Today we’re introducing the TribeHR Pay Raise Index, a gauge of social HR health and opportunity, in order to get a snapshot of how workplaces are recognizing employees and doling out the dough.
To create the Index, we analyzed salary and workplace recognition (“kudos”) data from 20,000 employees at 2,200 small to medium-sized companies between Q1-Q3 2012. Our key research finding was that women are actually beating men when it comes to the number of raises being handed out. We determined that 7.4 percent of women received raises compared to only 6.2 percent of men.
When analyzing the size of these pay raises, however, it was clear that men are getting bigger raises than their female peers. In fact, men are three times more likely to earn a salary increase in excess of 25 percent. Looking at pay raises of 5 percent or more, 60 percent went to men and just 38 percent to women.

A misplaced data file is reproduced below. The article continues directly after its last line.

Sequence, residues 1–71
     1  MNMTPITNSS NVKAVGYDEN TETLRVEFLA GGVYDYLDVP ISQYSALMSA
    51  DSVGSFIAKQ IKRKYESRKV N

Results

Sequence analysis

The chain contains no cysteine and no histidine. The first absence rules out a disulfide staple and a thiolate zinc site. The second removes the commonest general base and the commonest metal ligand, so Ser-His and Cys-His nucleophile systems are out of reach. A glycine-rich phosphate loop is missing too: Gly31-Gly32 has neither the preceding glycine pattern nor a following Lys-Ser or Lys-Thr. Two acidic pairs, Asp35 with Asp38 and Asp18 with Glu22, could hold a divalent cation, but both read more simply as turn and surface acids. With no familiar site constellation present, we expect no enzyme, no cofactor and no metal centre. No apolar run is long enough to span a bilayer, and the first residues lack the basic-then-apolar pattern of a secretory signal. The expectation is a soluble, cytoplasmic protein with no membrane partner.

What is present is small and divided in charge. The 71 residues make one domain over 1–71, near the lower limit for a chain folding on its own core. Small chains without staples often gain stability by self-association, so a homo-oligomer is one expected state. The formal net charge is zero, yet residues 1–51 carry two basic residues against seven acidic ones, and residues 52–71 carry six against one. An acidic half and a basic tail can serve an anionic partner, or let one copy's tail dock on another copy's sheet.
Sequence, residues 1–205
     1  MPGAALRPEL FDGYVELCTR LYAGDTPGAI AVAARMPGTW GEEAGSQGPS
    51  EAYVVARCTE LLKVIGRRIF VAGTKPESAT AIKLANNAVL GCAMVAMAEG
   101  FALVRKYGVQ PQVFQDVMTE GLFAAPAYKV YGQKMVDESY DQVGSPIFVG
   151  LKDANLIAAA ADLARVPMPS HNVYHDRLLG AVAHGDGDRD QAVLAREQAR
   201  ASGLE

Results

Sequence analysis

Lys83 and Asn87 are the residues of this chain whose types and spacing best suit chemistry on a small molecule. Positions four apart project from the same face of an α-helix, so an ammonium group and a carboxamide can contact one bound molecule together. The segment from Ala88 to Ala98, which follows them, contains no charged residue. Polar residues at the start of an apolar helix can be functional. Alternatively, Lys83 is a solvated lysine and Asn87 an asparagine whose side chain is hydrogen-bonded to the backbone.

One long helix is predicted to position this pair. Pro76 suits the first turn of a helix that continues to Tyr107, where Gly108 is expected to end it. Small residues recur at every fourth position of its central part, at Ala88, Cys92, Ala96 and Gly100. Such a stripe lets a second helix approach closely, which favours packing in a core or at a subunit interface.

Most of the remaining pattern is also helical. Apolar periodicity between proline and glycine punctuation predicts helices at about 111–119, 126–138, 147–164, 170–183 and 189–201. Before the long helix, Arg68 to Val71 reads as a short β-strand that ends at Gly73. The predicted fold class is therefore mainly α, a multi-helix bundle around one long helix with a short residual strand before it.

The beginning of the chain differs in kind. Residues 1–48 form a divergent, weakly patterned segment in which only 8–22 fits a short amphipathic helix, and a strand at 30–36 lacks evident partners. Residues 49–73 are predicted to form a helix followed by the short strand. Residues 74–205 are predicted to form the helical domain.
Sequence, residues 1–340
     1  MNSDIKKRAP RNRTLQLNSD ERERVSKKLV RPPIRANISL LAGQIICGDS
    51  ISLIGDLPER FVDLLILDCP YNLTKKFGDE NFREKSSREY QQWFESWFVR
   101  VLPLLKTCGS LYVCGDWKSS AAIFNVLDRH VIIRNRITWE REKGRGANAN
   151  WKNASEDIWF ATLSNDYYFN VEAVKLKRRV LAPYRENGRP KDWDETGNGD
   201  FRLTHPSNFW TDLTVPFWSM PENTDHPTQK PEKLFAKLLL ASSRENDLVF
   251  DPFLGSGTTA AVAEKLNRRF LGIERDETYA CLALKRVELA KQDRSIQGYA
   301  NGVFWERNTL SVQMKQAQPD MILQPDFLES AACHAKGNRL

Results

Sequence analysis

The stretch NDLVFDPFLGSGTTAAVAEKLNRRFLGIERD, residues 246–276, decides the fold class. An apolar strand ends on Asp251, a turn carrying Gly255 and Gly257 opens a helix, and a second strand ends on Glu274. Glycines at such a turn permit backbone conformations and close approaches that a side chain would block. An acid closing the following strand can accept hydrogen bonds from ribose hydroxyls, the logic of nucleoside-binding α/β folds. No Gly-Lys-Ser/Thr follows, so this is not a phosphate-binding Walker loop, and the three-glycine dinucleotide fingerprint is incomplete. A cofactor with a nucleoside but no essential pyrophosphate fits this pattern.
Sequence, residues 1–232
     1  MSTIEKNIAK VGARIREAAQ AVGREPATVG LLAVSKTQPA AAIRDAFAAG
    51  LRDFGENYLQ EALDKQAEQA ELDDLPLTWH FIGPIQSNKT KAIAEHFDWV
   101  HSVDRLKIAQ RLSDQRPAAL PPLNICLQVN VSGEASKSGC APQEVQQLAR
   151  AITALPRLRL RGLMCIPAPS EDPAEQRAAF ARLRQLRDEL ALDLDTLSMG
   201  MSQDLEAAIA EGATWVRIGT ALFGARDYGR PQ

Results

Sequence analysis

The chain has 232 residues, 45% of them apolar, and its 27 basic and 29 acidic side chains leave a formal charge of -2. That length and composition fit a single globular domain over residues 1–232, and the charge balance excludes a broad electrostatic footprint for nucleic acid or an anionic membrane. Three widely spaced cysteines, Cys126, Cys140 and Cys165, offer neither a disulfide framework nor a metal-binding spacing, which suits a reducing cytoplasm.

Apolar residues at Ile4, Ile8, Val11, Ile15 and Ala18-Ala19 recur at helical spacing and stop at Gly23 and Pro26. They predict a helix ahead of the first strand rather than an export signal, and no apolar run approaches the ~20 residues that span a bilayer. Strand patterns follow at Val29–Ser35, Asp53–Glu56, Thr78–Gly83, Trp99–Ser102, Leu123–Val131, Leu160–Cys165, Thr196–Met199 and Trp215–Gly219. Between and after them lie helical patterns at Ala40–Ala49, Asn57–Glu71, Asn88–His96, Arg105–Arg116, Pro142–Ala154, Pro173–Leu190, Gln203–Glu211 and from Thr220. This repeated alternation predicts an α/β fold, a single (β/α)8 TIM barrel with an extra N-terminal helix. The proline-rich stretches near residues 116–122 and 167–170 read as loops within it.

Fair pay? Not so much.
They broke out some of the statistics they found in the infographic below – please feel free to share your thoughts on this in the comments. What fascinated me the most was the correlation between recognition of peers and the likelihood of a pay raise. In instances where women find themselves in an environment where they don’t have peers, or that aren’t as friendly to women workers, is the resulting lack of positive peer review affecting pay increase?
It would be a positive argument for proactively seeking mentorship programs outside the workplace, like the one run by Hot Mommas Project.